The UAE will achieve positive growth this year despite the effects of the global recession, Sultan al Mansouri, the Minister of Economy, has forecast. GDP would slow to 0.5 per cent or 1 per cent this year as a result of falling crude revenues, he said. Mr al Mansouri's forecast is broadly more optimistic than revised projections from the IMF and a leading international bank released in the past week.
"My view has been for flattish growth to a slight contraction this year but the minister may have new data we have not yet seen," said Dr Giyas Gokkent, the chief economist and head of research of the asset management group at the National Bank of Abu Dhabi. Mr al Mansouri's comments were reported by the Arabic newspaper Al Khaleej. A strengthening in oil prices over recent months prompted the IMF to last week upgrade its GDP forecast for the UAE to a contraction of 0.2 per cent, instead of the 0.6 per cent contraction it had forecast in May.
Standard Chartered said earlier this week the economy would contract 0.5 per cent after previously predicting an expansion by the same percentage. Crude prices have risen to about US$70 a barrel from a five-year low of $32.40 a barrel in December. Sultan al Suwaidi, the Governor of the Central Bank, said earlier this week in Istanbul that the UAE would see economic recovery in the middle of next year. He previously said the economy might shrink or grow slightly this year.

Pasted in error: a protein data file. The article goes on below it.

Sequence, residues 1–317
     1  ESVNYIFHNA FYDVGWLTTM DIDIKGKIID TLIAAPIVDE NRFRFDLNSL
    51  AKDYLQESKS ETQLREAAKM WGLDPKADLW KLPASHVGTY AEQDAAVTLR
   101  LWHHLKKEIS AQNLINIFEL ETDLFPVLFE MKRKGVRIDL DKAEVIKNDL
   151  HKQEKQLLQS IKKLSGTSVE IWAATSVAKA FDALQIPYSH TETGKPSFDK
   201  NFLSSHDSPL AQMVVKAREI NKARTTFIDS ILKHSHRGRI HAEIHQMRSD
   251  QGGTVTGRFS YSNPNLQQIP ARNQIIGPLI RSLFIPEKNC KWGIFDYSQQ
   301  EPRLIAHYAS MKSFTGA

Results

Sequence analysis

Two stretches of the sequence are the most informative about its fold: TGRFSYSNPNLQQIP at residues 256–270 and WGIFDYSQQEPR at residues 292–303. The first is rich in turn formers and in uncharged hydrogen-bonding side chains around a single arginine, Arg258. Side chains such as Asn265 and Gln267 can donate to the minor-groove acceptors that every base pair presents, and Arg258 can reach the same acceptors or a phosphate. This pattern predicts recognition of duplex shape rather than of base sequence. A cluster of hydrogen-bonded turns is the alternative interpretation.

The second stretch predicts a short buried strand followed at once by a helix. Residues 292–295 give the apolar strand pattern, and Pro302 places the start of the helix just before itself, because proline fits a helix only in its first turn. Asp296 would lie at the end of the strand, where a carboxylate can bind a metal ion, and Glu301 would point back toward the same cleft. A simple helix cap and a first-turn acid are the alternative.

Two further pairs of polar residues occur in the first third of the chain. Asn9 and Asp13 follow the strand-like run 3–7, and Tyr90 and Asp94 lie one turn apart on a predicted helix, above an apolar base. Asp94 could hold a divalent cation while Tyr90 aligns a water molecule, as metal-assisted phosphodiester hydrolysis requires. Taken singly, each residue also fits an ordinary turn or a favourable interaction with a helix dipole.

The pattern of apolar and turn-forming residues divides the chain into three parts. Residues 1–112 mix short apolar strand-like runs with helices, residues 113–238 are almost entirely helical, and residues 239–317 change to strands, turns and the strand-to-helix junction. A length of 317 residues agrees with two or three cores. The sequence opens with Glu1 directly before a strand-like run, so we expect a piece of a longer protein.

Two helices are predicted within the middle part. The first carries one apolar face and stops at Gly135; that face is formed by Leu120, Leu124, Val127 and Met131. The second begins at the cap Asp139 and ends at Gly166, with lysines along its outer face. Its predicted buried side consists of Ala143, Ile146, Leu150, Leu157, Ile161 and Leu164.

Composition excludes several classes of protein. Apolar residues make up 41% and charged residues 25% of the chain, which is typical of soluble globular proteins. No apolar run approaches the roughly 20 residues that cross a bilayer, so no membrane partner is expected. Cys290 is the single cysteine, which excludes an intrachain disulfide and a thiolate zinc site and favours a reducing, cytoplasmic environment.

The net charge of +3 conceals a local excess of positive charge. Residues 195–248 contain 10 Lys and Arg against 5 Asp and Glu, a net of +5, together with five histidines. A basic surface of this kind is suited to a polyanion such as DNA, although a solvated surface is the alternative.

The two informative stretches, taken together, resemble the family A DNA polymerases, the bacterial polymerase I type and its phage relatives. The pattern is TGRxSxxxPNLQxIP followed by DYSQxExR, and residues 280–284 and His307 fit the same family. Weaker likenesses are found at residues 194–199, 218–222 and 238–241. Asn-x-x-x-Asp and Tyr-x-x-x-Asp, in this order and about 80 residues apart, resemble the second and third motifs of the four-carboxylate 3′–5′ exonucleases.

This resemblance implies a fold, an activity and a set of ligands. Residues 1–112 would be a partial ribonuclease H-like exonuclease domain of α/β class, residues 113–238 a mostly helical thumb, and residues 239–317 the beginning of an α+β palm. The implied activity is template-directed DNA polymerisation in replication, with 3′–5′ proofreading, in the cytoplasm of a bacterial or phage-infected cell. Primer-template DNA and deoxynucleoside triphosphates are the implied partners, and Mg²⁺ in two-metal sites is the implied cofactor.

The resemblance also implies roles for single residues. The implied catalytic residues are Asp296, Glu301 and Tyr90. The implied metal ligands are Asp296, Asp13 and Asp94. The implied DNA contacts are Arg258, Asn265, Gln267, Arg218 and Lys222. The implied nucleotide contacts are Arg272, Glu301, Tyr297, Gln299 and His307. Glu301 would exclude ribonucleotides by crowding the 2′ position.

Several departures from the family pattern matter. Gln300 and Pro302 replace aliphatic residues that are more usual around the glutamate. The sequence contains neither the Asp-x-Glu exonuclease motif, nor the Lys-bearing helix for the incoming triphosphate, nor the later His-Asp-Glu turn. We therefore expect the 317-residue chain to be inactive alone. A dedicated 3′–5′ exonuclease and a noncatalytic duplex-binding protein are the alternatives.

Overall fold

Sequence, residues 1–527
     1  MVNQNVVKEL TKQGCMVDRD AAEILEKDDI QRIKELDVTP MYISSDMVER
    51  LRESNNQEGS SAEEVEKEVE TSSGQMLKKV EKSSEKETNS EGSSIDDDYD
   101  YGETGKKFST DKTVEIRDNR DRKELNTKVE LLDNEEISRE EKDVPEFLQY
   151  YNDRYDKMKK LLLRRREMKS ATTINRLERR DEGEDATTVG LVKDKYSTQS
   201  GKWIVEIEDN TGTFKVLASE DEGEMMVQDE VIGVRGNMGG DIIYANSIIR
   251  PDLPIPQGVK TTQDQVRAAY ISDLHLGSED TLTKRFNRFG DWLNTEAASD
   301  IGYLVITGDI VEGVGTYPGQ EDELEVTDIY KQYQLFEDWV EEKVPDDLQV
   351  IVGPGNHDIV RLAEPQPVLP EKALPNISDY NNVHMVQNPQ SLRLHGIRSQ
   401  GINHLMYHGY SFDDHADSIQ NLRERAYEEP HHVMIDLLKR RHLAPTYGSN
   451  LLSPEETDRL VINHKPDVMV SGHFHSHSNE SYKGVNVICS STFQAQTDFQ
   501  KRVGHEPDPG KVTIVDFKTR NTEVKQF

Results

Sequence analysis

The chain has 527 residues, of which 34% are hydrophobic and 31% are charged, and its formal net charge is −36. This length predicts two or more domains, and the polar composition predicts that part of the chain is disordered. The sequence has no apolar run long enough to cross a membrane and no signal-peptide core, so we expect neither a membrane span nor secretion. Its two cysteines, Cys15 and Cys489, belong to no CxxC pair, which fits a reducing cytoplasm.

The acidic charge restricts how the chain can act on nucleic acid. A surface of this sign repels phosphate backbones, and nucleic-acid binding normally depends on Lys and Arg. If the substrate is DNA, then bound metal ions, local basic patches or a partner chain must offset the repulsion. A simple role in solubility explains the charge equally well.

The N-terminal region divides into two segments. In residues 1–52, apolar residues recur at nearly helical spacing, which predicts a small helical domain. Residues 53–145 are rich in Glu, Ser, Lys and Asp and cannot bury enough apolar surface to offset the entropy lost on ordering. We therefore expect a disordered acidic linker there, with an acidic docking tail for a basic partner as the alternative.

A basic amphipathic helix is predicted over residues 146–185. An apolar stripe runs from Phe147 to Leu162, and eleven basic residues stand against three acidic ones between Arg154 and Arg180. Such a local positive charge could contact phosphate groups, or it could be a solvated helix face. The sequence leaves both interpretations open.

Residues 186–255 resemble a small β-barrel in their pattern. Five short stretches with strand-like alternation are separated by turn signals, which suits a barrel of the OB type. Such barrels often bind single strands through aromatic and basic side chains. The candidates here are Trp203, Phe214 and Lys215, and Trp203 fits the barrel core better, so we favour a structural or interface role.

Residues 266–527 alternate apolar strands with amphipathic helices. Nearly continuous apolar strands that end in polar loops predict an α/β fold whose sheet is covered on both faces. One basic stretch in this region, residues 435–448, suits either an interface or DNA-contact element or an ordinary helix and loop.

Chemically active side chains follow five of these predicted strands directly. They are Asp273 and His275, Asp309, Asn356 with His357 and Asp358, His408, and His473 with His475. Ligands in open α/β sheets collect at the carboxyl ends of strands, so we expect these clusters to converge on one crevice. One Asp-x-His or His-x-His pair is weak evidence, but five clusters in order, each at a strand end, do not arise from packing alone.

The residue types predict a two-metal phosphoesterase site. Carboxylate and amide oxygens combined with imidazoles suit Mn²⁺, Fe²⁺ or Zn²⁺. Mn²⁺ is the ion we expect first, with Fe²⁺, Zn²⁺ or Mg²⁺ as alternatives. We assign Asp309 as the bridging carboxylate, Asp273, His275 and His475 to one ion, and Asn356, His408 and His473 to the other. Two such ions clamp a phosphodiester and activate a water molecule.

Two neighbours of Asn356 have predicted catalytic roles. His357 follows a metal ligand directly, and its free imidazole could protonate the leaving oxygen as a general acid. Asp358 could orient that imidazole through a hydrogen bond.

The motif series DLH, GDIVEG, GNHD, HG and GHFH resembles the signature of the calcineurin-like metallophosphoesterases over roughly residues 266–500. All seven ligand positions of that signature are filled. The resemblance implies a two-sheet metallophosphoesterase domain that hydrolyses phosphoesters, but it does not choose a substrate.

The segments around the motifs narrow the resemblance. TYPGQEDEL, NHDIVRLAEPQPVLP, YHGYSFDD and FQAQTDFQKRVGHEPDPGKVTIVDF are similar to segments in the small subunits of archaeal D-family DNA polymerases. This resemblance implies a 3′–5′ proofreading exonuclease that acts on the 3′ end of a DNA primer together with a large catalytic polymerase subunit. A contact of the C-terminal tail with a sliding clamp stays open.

The IMF said the UAE would return to positive growth next year, with the economy likely to expand by 2.4 per cent. Economic growth in the country reached 7.4 per cent last year. The worst international recession in 60 years has put the brakes on economic growth in most countries across the globe this year, with oil-reliant GCC states also suffering as a result of a decline in crude prices from record highs of $147 in July last year.
Lower housing costs would help bring average inflation in the UAE down to 3 per cent this year, Mr al Mansouri was also reported as saying. Consumer prices edged up 0.48 per cent in August compared with July, according to the latest inflation figures from the Ministry of Economy. Inflation averaged 2.56 per cent in the first eight months of this year, compared with 12.3 per cent last year as the country experienced soaring prices for food and property.